• Measles cases in America are at a 25 year high, with the most measles cases since 1992.
  • As of end of October, 1,250 cases confirmed in 31 states.
Health

Those connected to AND independent of the study alike believe this research underscores the need to vaccinate against measles because of the lasting impact of the illness.

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Quick Quotes

“We’re not going to be victims.”

Temple Emanuel Pres. Michael Atlas-Acuna reacting to the FBI's arrest of a 27-year-old man accused of plotting to blow up the Pueblo, CO synagogue. Research from Tel Aviv University points to an increase in anti-Semitic attacks worldwide with 387 attacks worldwide last year & more than 100 in the United States alone - including the deadliest attack on Jewish people in U.S. history when 11 were killed at the Tree of Life synagogue in Pittsburgh, PA.
Quick Quotes

“This is the time for Mexico, with the help of the United States, to wage WAR on the drug cartels and wipe them off the face of the earth.”

Pres. Trump reacting to the murder of at least nine members of a Mormon group traveling about 100 miles south of the U.S. border in Mexico. The dual US-Mexican citizens were ambushed, gunned down, and set on fire by drug cartel gunmen in what some think is result of a case of mistaken identity.
Quick Quotes

“Today is a historic day for criminal justice reform …”

Oklahoma Gov. Kevin Stitt (R) on the state setting the record for the largest single day commutation of sentences in U.S. history. Last week, the OK Pardon and Parole Board voted unanimously to commute the sentences of 500+ inmates serving sentences for non-violent, low-level crimes. On Monday, most were released. OK's move comes as many states, such as NY, move to enact criminal justice reform for low-level and non-violent offenders.
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“This whole thing of being able to rent a house and then turn it into a party house is ridiculous.”

Orinda city council member Dennis Fay after a shooting took place last week during a party at an Airbnb rental home in Orinda, CA left five dead. In response, Airbnb's co-founder & CEO Brian Chesky said it is banning "party houses" and "redoubling our efforts to combat unauthorized parties and get rid of abusive host and guest conduct."
Quick Quotes

“The issue raised in this case goes to the heart of our Republic.”

Pres. Trump's personal attorney Jay Sekulow after a federal appeals court upheld an earlier dismissal of a lawsuit filed by Pres. Trump to block a subpoena issued by the Manhattan District Attorney seeking 8 years of his tax returns from his accountants. The DA is investigating whether Pres. Trump's business falsified records. The case could potentially make its way to the U.S. Supreme Court.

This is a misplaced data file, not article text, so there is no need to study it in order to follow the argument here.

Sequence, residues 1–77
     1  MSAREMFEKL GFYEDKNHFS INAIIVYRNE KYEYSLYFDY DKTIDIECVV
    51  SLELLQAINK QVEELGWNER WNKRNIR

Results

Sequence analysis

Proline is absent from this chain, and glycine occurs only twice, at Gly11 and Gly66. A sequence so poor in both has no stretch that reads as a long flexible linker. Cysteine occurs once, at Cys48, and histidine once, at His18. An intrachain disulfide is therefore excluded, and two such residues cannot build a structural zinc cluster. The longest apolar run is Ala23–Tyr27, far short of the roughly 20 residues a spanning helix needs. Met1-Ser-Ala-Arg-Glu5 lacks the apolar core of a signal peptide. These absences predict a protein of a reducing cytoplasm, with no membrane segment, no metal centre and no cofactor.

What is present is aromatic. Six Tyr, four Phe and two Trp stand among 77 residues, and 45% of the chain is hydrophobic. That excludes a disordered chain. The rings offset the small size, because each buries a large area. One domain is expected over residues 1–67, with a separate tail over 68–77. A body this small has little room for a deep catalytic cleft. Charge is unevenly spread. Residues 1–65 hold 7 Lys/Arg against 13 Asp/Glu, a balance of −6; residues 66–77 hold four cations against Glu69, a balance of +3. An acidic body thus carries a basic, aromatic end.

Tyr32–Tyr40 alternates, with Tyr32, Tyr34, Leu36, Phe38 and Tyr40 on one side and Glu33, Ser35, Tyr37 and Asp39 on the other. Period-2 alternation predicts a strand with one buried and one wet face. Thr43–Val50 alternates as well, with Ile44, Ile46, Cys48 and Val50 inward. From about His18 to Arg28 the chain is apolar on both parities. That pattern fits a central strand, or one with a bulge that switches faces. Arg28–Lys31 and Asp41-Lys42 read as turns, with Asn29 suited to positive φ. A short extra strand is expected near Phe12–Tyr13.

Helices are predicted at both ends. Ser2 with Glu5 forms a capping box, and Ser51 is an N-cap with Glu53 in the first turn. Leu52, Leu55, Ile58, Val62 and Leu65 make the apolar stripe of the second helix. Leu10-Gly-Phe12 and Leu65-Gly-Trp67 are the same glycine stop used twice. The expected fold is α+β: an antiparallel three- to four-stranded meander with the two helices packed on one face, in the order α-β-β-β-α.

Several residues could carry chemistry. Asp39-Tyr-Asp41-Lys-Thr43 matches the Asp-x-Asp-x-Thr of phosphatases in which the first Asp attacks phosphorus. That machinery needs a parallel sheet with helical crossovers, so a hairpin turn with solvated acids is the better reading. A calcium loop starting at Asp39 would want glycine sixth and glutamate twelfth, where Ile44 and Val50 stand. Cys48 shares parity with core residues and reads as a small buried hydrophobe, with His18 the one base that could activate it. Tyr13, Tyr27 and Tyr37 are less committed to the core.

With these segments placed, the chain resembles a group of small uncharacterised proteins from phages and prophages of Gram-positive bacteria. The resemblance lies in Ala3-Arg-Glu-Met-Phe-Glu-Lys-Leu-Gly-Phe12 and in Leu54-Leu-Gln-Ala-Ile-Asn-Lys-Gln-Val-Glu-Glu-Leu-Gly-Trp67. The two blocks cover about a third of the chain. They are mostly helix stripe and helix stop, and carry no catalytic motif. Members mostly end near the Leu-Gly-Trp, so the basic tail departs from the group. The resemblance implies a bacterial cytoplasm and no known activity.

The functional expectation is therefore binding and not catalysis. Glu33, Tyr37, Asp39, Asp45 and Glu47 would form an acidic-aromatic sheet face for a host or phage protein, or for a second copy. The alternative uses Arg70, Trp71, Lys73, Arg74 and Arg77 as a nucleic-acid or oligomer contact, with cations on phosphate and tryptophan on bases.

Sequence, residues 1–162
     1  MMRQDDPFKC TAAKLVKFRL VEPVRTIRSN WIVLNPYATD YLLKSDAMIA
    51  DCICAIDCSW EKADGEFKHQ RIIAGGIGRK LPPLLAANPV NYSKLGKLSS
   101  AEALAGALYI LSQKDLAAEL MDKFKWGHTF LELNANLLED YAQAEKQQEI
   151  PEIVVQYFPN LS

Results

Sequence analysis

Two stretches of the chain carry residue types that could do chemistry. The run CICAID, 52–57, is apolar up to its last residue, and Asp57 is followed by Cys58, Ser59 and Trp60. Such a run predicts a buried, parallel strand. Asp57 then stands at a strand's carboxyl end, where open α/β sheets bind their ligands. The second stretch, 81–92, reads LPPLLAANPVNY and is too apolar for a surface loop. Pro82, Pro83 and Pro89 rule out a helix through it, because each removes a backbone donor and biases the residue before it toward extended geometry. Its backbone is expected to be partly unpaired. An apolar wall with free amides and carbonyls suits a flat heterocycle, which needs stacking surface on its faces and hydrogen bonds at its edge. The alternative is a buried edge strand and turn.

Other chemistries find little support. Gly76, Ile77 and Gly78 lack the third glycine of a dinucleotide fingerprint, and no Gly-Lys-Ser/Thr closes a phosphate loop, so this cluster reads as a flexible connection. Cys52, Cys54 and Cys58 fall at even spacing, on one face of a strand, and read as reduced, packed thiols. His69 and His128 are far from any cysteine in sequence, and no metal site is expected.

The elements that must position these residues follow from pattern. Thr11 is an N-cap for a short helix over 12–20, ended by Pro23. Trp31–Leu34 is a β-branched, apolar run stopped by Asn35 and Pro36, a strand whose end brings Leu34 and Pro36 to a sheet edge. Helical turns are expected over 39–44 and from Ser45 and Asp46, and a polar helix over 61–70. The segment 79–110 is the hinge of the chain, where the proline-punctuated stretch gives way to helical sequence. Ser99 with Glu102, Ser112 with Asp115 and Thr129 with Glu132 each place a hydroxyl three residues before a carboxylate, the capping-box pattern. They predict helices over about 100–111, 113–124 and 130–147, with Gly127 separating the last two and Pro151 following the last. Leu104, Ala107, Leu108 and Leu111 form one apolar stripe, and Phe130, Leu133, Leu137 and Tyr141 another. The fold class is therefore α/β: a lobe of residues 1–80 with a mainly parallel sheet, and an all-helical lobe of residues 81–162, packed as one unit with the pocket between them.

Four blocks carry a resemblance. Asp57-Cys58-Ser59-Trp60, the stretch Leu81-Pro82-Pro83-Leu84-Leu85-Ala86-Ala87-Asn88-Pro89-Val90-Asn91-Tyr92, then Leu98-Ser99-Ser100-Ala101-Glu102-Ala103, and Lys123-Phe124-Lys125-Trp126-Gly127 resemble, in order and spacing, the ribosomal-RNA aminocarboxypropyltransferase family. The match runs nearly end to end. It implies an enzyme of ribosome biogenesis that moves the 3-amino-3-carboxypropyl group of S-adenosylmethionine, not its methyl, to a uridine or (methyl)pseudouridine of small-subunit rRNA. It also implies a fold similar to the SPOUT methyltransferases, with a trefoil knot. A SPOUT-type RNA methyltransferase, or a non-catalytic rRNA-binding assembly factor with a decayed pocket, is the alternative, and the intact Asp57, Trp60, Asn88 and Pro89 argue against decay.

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Quick Quotes

“You’re in space. I mean, you want to have the smell of cookies.”

Jordana Fichtenbaum who with her husband founded Zero G Kitchen - a company dedicated to providing kitchen appliances for space travel. The first Zero G Oven arrived to the International Space Station Monday. Astronauts have 5 frozen chocolate chip cookies they can attempt to bake, made of the same recipe used by Hilton's DoubleTree for its welcome cookies.
Quick Quotes

“Being a whistleblower is not a partisan job nor is impeachment an objective.”

Attorney Mark Zaid represents the whistleblower who sparked the impeachment inquiry into Pres. Trump. Zaid says the whistleblower offered to answer written questions by House Republicans under oath; Republicans allege the whistleblower has close ties to Democrats. Zaid says requests to disclose the identity threaten his client's safety and that of his/her family.
Quick Quotes

“I kind of think of him as a middle-of-the-road guy who just does his job.”

Dr. Otis Brawley who trained with Dr. Stephen Hahn, President Trump's pick to head the Food & Drug Administration. Specializing in cancer treatments, Dr. Hahn currently runs the world-renowned cancer center at MD Anderson Cancer Center in Houston, Texas. The Senate will need to confirm any pick for FDA; meanwhile, the agency grapples with controversies ranging from vaping to opioids.
Quick Quotes

“This was a mistake.”

McDonald's now-former CEO Steve Easterbrook upon stepping down from his position due to violating company policy through a consensual relationship with an employee. The world's largest fast food chain promoted the head of U.S. business to oversee the entire company.
Quick Quotes

“The U.S. position with respect to the Paris Agreement has not changed.”

State Dept spokesman James Dewey on the Trump admin's intentions to officially begin withdrawing from the Paris Climate Accord. The agreement, signed by 196 countries on Nov. 4, 2016, aims to address global warming by voluntary efforts to reduce greenhouse gas emissions. Pres. Trump announced his intentions to withdraw in 2017, but the agreement prohibits any country from withdrawing during the first three years.
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Coffee Talk

Your Top 3 Stories…in less than 5 minutes!